“I know people who drink it around Christmas, but that’s when I bust out the Tom and Jerry,” he divulges. “That said, I’m surprised at how many slushes we sell in winter. This March, we went through 35 gallons in two weeks.”

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No matter when you drink it, there are some tricks and tips to making a better slush. The first is to add bitters. Beres opts for a blend of locally-made bitters, but Angostura and orange bitters work, too. Traditionally, the tea used is the sort in either black or green tea bags, but if you use artisanal, loose-leaf tea, it tastes even better, he says.

Instead of brandy, some people use vodka or whiskey, while others add fruit liqueurs. Cleary also suggests substituting the juice concentrates with things like limeade or cranberry juice. “Walking down the frozen concentrate aisle in your grocery store should give you inspiration,” he says. “It’s a very interchangeable recipe. You’re not going to have a bad time with it any way you make it.”

In fact, the first time Beres tasted brandy slush, he was in his 20s and at a friend’s house. The friend made it in an ice cream bucket.

“As a mixologist, I’m used to measuring brix content and using formulas, but my friend made this without even using a measuring cup—he used a Solo cup—and I was mind-blown because it actually worked,” he recalls. “This hand-me-down, handwritten recipe for slush just works so perfectly in a freezer. I wonder if it was created on purpose or if it was a happy accident—a ‘Bob Ross’ type of thing.”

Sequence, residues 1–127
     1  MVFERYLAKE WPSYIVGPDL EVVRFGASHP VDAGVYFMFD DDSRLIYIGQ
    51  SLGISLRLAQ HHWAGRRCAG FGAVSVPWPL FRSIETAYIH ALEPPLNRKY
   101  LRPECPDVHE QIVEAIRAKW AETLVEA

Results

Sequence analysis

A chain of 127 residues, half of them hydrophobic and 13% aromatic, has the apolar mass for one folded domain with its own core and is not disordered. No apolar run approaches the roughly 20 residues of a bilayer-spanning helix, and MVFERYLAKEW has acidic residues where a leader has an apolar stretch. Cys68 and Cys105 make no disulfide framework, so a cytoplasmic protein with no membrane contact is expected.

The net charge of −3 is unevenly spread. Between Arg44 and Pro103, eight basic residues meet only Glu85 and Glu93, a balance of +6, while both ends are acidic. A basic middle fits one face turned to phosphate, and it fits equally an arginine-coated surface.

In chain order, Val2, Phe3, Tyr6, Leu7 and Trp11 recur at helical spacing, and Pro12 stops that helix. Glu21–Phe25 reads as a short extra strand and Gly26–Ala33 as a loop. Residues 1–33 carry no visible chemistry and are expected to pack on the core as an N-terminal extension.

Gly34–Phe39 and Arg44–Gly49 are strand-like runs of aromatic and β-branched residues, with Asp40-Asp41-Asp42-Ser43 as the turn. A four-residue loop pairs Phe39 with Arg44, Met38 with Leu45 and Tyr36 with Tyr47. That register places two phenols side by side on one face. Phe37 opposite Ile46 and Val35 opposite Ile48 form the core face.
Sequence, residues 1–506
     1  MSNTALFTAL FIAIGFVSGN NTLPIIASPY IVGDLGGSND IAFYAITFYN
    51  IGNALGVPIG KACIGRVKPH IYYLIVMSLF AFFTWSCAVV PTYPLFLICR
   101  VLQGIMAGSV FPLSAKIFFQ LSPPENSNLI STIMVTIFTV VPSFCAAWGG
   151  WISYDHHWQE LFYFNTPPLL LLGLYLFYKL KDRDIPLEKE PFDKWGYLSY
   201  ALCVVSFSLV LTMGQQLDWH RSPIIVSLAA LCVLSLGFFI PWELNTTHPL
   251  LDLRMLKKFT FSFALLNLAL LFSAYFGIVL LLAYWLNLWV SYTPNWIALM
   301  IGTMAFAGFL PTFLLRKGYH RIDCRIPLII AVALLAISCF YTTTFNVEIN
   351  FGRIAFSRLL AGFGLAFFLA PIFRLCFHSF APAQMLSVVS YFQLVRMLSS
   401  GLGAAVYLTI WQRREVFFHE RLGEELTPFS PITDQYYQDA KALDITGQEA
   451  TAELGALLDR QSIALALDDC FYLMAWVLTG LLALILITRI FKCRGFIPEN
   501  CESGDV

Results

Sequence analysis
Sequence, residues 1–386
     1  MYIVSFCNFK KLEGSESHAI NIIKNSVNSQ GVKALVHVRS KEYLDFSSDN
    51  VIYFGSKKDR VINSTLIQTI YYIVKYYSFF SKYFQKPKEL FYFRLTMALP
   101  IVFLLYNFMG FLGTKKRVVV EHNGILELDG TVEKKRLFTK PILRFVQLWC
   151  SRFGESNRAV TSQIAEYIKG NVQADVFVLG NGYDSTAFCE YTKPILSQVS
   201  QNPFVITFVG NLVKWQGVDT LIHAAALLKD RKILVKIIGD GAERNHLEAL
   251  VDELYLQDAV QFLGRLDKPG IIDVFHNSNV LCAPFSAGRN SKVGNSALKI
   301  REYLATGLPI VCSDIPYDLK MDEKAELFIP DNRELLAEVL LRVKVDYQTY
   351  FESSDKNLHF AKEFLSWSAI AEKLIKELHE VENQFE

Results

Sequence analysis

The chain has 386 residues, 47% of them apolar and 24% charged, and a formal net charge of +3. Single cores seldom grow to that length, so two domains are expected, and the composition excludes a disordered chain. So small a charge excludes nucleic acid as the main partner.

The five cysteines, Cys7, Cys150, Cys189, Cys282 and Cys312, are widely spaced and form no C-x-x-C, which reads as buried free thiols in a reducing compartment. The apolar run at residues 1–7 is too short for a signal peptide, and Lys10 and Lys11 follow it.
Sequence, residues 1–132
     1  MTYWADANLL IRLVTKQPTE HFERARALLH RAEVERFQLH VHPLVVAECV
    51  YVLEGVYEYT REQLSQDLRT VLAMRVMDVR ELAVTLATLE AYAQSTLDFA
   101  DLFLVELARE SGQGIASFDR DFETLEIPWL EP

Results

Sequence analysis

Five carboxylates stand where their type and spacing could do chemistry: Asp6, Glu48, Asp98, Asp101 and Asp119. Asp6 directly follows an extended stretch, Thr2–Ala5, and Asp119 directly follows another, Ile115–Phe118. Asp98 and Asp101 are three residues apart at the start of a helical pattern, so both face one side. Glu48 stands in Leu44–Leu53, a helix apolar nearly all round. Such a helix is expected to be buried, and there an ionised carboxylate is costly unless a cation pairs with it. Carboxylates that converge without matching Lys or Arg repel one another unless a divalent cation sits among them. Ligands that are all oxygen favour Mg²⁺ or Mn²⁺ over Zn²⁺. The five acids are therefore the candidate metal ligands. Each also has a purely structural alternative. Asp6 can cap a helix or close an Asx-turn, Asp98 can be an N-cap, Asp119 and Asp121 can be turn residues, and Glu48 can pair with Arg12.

Brandy Slush Recipe

Recipe by Brendan Cleary of Great Lakes Distillery


  • 2 1/2 cups sugar
  • 6 cups of your favorite tea (make weak)
  • 3 cups brandy or bourbon*
  • 12 oz. frozen lemonade concentrate
  • 12 oz. frozen orange juice concentrate
  • Lemon-lime soda, such as 7 Up or Sprite, to top
  • 15 dashes bitters
  • 1 to 5 oz. cherry liqueur**, optional


Step 1

Dissolve sugar into tea on a stovetop. Add juice concentrates once sugar is dissolved
Dissolve sugar into tea on a stovetop. Add juice concentrates once sugar is dissolved.

Step 2

Overhead shot of adding brandy or bourbon to the pot off the heat
Take mixture off of heat and add brandy or bourbon and bitters.

Step 3

Overhead shot of frozen cocktail mixture in a glass tupperware
Pour mixture into a freezer-safe plastic container with a lid. Freeze for 24 hours.

Step 4

Action shot of pouring white soda into a glass with two scoops of slush mixture in it. Include ingredients in the same shot and shoot at eyelevel
To serve, scoop one or two scoops of slush mixture into a glass, then top with soda.

*At Great Lakes Distillery, bartender Brendan Cleary likes to use a mix of Brightonwoods Apple Brandy or Kirschwasser for a brandy-based slush or Still & Oak Bourbon when he’s in the mood for whiskey.

**The distillery recommends Good Land Cherry Liqueur.